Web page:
Remember when you’re a kid, and you were involved in some sort of innocent group activity, then some kid gets aggravated for something minor and wails off and punches another kid in the face?
Did you immediately pounce into action, separate them, and shout, “ALL RIGHT! BREAK IT UP! LET’S ALL JUST THINK CLEARLY HERE!”
Of course not. You did what all the other kids did. You started chanting, “Fight! Fight! Fight!” and you enjoyed the next twenty seconds more than you would your entire birthday.
It’s a terrible flaw in the human psyche: we love fights.
Why do you think millions of people gather around televisions across the world to watch every single UFC event? Grown men, some of them fairly sensible (fairly, or “barely?”), pummel each other in the face, twist arms and legs into unnatural angles, scream into television cameras, then throw on t-shirts within seconds of winning a fight that have roughly seven dozen logos plastered across them.
The Romans had their gladiators. We have our UFC. The Middle Ages had their jousting. We have our Muhammad Ali and Mike Tyson. Victorian aristocrats had their duels. We have our Dancing With the Stars.
Yes…that last one was out of place.
But you get the idea. This is why I am absolutely filled with glee about AT&T and Verizon getting into a little spat with each other over Verizon’s feisty (but accurate) commercials that show just how widespread its 3G coverage is when compared to AT&T’s.
As a brilliant centerpiece of the commercial, Verizon pokes fun at AT&T/Apple with “There’s a map for that,” wittily playing off the
annoying popular “There’s an app for that” commercials.
But now AT&T is suing Verizon. Why? Because’ they claim that the advertisements are intentionally misleading about AT&T’s network, implying that the white areas on the map don’t get coverage.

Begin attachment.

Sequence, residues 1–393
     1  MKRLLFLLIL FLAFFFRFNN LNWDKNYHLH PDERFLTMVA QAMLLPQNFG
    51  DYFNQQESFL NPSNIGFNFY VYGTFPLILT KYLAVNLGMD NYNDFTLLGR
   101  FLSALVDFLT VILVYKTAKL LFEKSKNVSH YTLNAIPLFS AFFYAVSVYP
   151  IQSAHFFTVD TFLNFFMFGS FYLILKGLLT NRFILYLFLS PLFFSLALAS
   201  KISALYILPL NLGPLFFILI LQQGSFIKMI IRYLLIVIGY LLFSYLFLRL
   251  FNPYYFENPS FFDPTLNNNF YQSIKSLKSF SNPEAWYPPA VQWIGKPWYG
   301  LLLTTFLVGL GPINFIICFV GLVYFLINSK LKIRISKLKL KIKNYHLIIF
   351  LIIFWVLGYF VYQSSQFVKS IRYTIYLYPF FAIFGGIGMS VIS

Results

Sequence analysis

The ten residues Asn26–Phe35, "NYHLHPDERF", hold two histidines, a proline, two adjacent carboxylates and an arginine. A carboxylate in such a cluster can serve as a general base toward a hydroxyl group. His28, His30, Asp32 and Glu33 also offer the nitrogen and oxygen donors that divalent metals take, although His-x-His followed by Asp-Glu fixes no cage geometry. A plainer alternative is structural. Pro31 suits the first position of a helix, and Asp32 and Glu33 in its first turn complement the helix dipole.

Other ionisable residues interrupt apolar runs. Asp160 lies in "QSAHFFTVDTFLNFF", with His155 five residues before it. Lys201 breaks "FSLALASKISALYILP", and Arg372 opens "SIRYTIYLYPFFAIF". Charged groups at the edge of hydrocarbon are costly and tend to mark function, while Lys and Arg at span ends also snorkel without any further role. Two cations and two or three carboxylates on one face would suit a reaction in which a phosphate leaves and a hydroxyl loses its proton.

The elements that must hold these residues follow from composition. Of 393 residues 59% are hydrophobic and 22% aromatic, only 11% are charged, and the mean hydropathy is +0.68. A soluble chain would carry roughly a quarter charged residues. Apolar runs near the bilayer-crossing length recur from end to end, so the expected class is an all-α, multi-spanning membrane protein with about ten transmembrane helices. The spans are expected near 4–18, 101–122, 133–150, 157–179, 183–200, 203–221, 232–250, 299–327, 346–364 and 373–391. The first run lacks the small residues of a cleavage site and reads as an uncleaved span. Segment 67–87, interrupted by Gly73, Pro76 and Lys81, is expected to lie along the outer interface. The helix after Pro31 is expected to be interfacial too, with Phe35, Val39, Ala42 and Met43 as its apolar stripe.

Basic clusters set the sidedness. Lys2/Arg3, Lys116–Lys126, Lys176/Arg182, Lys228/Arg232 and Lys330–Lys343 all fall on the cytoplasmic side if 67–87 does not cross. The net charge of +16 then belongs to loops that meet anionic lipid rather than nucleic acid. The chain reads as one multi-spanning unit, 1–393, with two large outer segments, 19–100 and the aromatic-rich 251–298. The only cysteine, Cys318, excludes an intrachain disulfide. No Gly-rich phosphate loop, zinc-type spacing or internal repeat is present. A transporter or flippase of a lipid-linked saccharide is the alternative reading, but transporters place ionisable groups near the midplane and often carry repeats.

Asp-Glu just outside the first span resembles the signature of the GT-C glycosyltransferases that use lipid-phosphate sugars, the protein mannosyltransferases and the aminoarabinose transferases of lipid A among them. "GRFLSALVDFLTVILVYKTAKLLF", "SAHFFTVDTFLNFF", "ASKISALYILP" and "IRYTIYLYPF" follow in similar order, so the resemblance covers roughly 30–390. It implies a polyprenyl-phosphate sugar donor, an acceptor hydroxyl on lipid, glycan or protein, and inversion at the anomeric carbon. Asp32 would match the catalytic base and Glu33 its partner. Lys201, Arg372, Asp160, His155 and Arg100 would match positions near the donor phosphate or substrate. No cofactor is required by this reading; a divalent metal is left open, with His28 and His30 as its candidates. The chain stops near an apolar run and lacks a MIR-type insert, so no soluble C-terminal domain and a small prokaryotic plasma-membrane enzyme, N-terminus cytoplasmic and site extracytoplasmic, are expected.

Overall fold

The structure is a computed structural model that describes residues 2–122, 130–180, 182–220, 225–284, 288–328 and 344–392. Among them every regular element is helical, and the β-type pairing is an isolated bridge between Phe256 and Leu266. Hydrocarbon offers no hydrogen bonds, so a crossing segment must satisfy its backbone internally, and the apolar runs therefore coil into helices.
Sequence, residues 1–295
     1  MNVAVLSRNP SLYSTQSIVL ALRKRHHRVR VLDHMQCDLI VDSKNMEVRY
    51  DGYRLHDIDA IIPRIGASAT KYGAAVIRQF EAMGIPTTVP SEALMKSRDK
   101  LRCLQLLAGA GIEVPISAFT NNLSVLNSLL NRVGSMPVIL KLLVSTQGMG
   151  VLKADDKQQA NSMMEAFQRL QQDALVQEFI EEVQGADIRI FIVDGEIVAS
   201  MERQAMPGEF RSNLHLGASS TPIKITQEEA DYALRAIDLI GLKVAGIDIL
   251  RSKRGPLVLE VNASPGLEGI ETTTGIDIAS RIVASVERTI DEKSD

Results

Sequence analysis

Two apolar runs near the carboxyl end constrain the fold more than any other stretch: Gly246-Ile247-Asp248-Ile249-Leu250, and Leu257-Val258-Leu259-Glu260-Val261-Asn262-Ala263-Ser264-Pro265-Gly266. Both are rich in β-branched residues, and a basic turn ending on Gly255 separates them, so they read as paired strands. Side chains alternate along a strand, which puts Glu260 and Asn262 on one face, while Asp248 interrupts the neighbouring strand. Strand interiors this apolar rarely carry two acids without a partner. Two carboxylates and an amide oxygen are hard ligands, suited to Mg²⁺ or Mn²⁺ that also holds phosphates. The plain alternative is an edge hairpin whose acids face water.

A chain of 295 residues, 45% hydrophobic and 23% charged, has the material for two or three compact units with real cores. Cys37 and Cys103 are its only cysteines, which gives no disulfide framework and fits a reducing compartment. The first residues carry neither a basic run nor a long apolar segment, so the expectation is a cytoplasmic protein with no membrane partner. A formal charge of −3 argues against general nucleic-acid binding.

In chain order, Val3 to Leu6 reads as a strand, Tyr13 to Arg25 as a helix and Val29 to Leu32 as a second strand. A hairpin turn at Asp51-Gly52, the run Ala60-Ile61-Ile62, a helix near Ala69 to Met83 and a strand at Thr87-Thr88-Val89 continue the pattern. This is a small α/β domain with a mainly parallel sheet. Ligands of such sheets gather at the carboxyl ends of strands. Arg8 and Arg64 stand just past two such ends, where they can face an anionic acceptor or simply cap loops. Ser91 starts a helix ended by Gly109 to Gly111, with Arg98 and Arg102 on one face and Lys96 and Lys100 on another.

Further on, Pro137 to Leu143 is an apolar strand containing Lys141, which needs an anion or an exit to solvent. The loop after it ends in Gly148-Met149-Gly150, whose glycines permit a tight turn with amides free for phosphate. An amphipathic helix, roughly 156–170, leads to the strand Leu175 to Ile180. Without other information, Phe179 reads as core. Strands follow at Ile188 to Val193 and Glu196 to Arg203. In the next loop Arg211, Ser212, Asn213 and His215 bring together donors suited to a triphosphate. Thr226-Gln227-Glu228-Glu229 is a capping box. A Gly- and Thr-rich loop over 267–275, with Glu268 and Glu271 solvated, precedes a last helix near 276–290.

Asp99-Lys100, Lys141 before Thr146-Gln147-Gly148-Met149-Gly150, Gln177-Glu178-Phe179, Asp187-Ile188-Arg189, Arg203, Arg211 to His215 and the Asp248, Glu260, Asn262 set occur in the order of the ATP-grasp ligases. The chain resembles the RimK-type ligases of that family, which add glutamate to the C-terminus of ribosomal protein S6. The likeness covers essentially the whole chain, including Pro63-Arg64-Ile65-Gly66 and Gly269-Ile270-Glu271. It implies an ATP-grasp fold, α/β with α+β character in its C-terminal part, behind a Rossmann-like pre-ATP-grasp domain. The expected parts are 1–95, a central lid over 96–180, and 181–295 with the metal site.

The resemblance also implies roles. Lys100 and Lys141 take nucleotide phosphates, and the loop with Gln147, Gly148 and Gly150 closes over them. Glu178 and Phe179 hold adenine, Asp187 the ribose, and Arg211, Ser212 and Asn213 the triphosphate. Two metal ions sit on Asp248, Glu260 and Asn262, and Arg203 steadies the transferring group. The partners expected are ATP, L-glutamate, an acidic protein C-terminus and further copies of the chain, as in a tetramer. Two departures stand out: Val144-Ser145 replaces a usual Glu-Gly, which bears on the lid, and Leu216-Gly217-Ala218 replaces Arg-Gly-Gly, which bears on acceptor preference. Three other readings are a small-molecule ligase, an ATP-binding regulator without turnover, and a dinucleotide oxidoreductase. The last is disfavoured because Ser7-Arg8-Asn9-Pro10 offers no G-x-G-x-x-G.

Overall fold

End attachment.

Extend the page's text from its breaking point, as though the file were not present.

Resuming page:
What this proves is what I’ve been claiming about AT&T for years: either they’re sleazeballs who are trying to kill an effective ad by manipulating the legal system or THEY THINK WE’RE IDIOTS.
The map is accurate. Period.
What Verizon is proving is that they have a far superior 3G coverage area. AT&T isn’t even trying to dispute that point. AT&T lagged behind in preparing their network, so now they’re being slaughtered by Verizon in regards to widespread coverage quality.
(quick note) – If you want to know the different between 3G and regular cell coverage (regular coverage being what AT&T is apparently so proud of), all you have to know is that 3G is like broadband Internet while AT&T’s EDGE network is like dial-up. Translation: EDGE is like a reminder of the days when you signed onto AOL, but were first greeted by a long and painful “WEEEEEEEEKKKKRRRRRRRCCCCCKKKKKKKEEEEEEBBBBRRRKKKK” sound before you logged on and waited ten minutes for a simple web page to load.
I’m in one of AT&T’s 3G-available regions of the country, but I still get horrible coverage. I can’t even carry on a conversation with confidence that it won’t get disconnected while at my house (again, inside AT&T’s 3G region). I’ve not only thought about switching to Verizon one day, but doing so even if it meant leaving my iPhone behind.
So AT&T, keep your lawsuits going. You’re looking like an even bigger jerk than people thought you were.
IMPROVE YOUR NETWORK!
UPDATE: Verizon’s response to AT&T’s lawsuit?
“AT&T did not file this lawsuit because Verizon’s “There’s A Map For That” advertisements are untrue; AT&T sued because Verizon’s ads are true and the truth hurts.”